“Various personal items from the Goodsell site: a plain brass shoe buckle, a fragment of a silver shoe buckle frame with a repair, a 1746 George II halfpenny, a child’s small thimble, and part of a brass jackknife handle with a rococo design – AHS, Inc., Storrs”

Nathaniel died in 1755. Elizabeth wasn’t in Nathaniel’s will so she died before. In 1755 they were both in their 50s. Nathaniel’s will was presented in court, with an inventory of his estate, on April 28th. The inventory was a page and a half and included an old great coat, a Holland shirt, a pair of shoe buckles, 2 blankets, a chest of drawers, 9 wooden plates, 2 forks and 2 knives, an iron pot and a frying pan, an axe, a pitch fork, livestock and land. Older sons Nathaniel Jr and Joseph Gaines oversaw the estate and made an agreement with their siblings on July 3 1759 when the youngest sibling was still a minor. Middle son David moved to Vermont where grandson Obed Gaines was born in 1793. Obed and his family went west to Iowa where granddaughter Mary Ella Gaines married James Miller- they were grand parents of Faber Miller born in 1905.

Sources

Stephen Angell b. 1705

Stephen Angell 5th great grandpa on RootsMagic tree.

Stephen Angell was born in 1705 in Providence, Rhode Island. His parents were John and Sarah Clemence Angell. His great grandpa, Thomas Angell, with Roger Williams was a founder of Rhode Island colony in 1636, both immigrated from England. In that small community the families are intertwined through generations. His grandparents, great grandparents descend from the small group in 1636.

Stephen married Martha Olney, her family also original RI immigrant settlers.  They married in on May 16, 1728. Stephen and Martha had 10 children. They may have been Quakers (Friends). They lived in Providence for awhile then moved to Johnston about 5 miles west. Stephen is mentioned in a couple wills. The will of his grandma,  Sarah Smith Clemence  in 1725, “Item I Give to Every one of my Grand Children five shillings a peice in paper money”. The court named Stephen “bond to council for his administration” on his father’s estate  “administration of all singular … goods and chattels and credits of his father John Angell … year 1745”.  Stephen inherited the family farm.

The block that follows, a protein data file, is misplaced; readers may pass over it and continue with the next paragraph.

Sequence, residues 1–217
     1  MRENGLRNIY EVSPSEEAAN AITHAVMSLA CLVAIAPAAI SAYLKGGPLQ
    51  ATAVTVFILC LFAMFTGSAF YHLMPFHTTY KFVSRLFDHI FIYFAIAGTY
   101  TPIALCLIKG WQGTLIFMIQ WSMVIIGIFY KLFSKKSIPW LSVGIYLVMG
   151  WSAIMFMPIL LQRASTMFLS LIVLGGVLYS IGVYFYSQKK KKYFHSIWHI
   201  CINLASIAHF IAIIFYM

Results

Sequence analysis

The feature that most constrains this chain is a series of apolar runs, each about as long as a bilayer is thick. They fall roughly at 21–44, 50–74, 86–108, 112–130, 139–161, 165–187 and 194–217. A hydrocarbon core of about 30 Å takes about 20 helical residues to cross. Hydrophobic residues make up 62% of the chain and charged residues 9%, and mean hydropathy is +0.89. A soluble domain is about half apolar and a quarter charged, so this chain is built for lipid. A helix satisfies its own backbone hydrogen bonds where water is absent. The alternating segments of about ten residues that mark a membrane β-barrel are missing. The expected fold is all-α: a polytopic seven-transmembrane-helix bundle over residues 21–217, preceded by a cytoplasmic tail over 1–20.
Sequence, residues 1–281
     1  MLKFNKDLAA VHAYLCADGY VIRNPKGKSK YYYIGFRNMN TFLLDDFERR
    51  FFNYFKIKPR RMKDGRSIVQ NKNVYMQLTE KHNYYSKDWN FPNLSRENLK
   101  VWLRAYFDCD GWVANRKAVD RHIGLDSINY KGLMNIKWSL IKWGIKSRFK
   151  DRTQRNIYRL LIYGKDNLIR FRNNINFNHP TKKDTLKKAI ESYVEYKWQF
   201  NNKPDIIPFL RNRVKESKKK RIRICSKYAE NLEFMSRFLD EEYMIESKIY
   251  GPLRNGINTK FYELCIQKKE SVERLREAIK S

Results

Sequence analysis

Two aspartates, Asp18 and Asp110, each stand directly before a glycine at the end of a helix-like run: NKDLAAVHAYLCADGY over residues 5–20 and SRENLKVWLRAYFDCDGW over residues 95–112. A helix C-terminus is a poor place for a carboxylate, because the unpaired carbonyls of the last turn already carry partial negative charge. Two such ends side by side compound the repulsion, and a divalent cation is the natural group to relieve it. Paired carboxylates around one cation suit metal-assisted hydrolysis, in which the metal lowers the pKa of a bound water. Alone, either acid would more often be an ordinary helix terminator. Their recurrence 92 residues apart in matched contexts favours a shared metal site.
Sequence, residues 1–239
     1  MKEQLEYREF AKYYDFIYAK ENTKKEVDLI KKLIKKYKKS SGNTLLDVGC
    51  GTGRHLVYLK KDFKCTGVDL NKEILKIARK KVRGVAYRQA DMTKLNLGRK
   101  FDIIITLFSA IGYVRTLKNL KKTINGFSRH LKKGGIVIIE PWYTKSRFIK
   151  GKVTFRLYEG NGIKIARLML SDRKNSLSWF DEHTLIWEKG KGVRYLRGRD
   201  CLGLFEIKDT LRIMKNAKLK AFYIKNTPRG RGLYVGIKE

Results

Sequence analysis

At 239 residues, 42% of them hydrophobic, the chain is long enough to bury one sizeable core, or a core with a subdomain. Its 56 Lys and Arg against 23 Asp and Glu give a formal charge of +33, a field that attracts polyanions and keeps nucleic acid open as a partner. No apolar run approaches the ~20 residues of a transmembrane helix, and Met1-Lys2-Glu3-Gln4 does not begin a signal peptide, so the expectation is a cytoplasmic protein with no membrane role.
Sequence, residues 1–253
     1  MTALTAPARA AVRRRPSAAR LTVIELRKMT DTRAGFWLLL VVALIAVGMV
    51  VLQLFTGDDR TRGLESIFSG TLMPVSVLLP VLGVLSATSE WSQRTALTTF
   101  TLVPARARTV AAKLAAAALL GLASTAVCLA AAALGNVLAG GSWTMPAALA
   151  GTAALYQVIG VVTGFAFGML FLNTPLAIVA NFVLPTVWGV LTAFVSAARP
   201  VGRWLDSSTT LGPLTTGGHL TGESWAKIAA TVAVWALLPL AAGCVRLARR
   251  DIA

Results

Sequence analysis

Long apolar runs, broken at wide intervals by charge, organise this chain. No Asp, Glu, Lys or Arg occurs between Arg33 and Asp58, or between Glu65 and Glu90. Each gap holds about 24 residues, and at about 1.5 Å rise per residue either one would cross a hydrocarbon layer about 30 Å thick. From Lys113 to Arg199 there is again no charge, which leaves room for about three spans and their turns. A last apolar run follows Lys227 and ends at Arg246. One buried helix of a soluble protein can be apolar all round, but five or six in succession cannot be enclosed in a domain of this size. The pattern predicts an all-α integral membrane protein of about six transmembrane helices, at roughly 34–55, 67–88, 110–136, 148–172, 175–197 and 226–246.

Stephen wrote his will March 7, 1771. The inventory lists blacksmith, carpenter, cooper and farming tools. Daughters had received their portions at their marriages, older sons had received their portions earlier too. Son William received rights on Olney Mills, Daniel and William were in charge of their mom’s support. Their mom Martha Olney Angell objected to the will provisions at court,  the court approved the will anyway on July 25, 1772.

Sources, free sources linked.

Grace Child b. 1689

Grace Child 7th great grandma on RootsMagic tree

Grace was born October 27, 1689 in Roxbury, Massachusetts to Benjamin Child and Grace Morris. Grace’s ancestors came to America from England and Wales in the early 1620-40s. Grace married Timothy Walker on May 14, 1713. Grace’s sister Mary married Timothy’s brother Peter Walker. in 1715. The Walker family ancestors were early colonial immigrants too. Grace and Timothy had 6 children, 5 daughters and a son. Grace and her family belonged to the original church in Rehoboth, today it’s the Newman Congregational Church, they practice and preach “radical hospitality”, established in 1624.

Grace died October 30, 1729, she was 40 years old and is buried at Newman Cemetery, a mile or so north of the Walker House where she and her family lived.

Snapshot of Grace Child’s ancestors, Ancestry family tree

Timothy started building the Walker House in 1724. The house is still there, open for tours and a house study site. Just announced at the site, it will be a farm again in Spring 2021. “When Philip Walker [Timothy Walker’s grandpa] died in 1679 his estate included 177 acres of land,” said Val Talmage, executive director of PRI. “By 1891, the farmland associated with the antique dwelling was 96 acres. And by 1960, the land was reduced to the current configuration of just over one acre. It’s so exciting that this most significant historic place will once again be a productive farm.”

Source